NSW Health Counter Disaster Unit
The Hon. JAN BURNSWOODS: My question is addressed to the Minister for Health. What is the latest information on the counter disaster and terrorism preparedness of NSW Health?
The Hon. JOHN HATZISTERGOS: I thank the honourable member for this timely question, particularly in light of criticisms on the weekend by the Royal Australian College of Surgeons. In February 2003, the New South Wales Government announced the allocation of $17.3 million over five years to upgrade the capacity of NSW Health to deal with major incidents and possible terrorist attacks. As a result, the NSW Health Counter Disaster Unit was created and located within the Ambulance Service. Under the co-ordination of the State Health Services Functional Area Co-ordinator, the unit is responsible for the planning of responses and recovery actions for all aspects of disaster medicine, including the provision of appropriately trained medical, public health and mental health teams.
Co-location of the Counter Disaster Unit within the Ambulance Service provides significant synergy through integrating expertise in ambulance primary response and incident management, with specialised treatment and consequence management by the broader health system. Additional benefits have also been realised through combining specialised equipment acquisitions and training services. Today, New South Wales is at the forefront of the States and Territories in its health counter-disaster preparedness. The NSW Health Counter Disaster Unit has had considerable disaster deployment experience, including bush fires, Bali, the Waterfall train crash, and most recently the Asian tsunami disaster. The State's preparedness capacity has been significantly increased under the $17.3 million plan over five years to bolster the capacity of NSW Health to counter the consequences of terrorism and disasters. The implementation of capacity improvements is progressing within planned time frames and budget. This includes the recent establishment of a co-ordinated network of major trauma centres in Sydney and Newcastle.
Such an integrated trauma care system enhances our ability to manage an acute disaster or terrorist event. Should a terrorist event occur in New South Wales, patient distribution is enhanced by ensuring the most severely injured survivors are preferentially distributed to one of our nine adult trauma centres and two paediatric trauma centres. Strategies will include recalling staff, reallocating operating theatre time, distributing casualties to a number of hospitals, mobilising clinical networks such as the burns network, and transferring less serious patients to other hospitals. Results of planning exercises and capacity studies indicate that appropriate trauma resources, including intensive care unit and high-dependency beds can be made rapidly available in the health system.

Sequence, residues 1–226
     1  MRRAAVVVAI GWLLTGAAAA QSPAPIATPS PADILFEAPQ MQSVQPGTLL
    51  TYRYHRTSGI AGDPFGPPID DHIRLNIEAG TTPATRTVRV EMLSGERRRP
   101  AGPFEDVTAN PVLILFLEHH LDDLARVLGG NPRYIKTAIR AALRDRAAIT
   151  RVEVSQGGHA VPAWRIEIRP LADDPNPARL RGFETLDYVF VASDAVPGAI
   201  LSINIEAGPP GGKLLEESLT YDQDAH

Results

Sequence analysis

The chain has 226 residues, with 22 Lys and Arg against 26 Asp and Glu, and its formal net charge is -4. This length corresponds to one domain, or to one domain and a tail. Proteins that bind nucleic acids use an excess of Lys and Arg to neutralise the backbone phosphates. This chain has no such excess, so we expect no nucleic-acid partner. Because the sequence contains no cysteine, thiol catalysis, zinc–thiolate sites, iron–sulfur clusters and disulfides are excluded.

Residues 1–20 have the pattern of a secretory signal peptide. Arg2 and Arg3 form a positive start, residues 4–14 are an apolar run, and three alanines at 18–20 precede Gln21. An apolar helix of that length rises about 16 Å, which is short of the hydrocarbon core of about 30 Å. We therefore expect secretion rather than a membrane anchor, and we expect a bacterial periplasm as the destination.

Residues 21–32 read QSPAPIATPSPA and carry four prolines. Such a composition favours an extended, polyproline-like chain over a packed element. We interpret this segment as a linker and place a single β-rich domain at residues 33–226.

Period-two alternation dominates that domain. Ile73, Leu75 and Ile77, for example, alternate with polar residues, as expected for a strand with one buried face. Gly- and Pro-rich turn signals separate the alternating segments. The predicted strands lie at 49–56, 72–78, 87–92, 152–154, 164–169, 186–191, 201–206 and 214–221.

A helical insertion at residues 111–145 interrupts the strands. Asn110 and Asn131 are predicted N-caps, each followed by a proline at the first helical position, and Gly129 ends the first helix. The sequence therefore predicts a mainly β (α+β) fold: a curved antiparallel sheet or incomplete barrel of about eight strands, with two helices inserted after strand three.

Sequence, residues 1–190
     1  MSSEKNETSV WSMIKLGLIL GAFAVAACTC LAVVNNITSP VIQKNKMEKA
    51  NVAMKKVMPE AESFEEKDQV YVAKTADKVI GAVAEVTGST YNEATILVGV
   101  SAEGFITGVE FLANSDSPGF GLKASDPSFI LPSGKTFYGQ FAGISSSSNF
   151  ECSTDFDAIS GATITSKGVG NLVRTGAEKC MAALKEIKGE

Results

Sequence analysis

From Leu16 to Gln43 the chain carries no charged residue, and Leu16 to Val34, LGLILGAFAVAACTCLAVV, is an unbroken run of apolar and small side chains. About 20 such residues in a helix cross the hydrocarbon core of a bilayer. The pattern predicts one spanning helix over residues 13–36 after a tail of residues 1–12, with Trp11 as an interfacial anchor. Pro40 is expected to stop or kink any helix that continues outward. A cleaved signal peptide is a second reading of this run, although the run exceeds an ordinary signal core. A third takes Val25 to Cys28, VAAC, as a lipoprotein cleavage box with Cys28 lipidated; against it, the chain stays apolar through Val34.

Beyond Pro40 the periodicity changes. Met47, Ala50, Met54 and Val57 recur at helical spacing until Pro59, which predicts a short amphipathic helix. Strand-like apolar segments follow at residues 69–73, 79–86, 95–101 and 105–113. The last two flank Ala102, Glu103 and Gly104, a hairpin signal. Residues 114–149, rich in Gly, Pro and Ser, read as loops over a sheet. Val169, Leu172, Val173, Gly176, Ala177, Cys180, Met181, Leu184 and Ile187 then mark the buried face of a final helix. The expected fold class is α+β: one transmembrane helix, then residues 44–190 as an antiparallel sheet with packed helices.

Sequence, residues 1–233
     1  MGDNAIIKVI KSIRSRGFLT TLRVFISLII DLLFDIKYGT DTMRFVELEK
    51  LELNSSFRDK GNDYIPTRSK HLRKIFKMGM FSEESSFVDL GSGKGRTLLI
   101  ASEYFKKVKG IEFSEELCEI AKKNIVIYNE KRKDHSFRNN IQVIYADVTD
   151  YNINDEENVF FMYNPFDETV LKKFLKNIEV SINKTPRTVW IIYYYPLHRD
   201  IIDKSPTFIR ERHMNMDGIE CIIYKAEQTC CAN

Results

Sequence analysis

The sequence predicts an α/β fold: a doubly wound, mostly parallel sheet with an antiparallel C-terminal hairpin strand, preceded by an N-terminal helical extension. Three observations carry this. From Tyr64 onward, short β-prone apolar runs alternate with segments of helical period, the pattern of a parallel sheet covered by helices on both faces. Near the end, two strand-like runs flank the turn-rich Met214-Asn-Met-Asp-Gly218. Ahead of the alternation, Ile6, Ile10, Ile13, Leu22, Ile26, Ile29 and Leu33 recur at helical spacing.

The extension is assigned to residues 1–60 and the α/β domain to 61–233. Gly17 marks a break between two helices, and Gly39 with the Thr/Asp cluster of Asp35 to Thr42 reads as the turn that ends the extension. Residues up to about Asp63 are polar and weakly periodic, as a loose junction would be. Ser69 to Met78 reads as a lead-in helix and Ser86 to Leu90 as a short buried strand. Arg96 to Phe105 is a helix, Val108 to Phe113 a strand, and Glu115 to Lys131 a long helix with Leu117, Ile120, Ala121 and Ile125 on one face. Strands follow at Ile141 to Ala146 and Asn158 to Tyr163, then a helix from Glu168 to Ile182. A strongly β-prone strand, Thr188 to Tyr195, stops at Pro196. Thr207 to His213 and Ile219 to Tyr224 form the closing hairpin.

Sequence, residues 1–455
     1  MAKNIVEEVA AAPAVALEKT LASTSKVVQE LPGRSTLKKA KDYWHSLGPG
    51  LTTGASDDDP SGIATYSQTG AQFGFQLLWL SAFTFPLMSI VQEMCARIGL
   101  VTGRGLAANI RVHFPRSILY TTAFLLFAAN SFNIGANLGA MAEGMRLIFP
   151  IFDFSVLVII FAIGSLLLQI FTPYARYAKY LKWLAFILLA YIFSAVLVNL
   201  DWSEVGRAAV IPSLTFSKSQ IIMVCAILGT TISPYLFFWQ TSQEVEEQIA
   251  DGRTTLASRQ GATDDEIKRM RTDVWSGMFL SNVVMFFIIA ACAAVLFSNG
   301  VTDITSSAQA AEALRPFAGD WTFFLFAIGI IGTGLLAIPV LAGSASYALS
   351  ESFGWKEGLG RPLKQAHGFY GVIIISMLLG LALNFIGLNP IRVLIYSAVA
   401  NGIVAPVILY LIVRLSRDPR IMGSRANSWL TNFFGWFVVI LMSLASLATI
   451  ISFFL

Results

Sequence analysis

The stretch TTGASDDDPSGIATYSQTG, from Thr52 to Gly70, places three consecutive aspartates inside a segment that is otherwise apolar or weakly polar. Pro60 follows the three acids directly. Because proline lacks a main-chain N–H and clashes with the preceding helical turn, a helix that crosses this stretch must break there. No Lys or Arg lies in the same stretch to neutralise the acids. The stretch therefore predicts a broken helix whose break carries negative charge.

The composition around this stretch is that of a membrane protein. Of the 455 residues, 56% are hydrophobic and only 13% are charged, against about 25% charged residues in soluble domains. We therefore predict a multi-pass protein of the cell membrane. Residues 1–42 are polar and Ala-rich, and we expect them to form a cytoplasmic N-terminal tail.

Other important advances in preparedness in the NSW Health system include the upgrade of five extra hospitals with decontamination units—Sydney, St Vincent's, Gosford, John Hunter and Wollongong. These sites are in addition to the seven sites that were upgraded prior to the Olympics. They also include the availability of mobile decontamination equipment that can be rapidly deployed to other sites should the need arise. Further funds are earmarked to upgrade rural emergency departments this financial year. Further important advances include the distribution of personal protective equipment for chemical emergencies across the State, in addition to the current stockpile purchased pre-Olympics. Special operations pods have been purchased and stocked with personal protective equipment for rapid deployment. Stores of antidotes against chemical attack are in place, and the Ambulance Service also has a number of fully operational multipurpose vehicles that may be deployed to incidents involving a chemical attack.
Major incident support vehicles are also fully stocked with life-saving trauma equipment for rapid deployment to a disaster site. Back-up supplies are also warehoused in the event of the deployment of the urban search and rescue task force, which includes paramedics and doctors with specialist training and skills. A stockpile of equipment has been purchased and is in place for a bio-terrorism emergency. In addition to equipment purchases and upgrades, the NSW Health bio-surveillance system was established in 2003. The system is designed to increase the chance of early detection of a disease arising from a biological weapon. Planning is well advanced in the construction of a high-security laboratory that will improve forensic capability in the event of a terrorist attack The Government does not underestimate the substantial challenges that would transpire should terrorism occur in New South Wales. But I am confident that NSW Health and the Ambulance Service would mount a well-planned and capable response in such an event.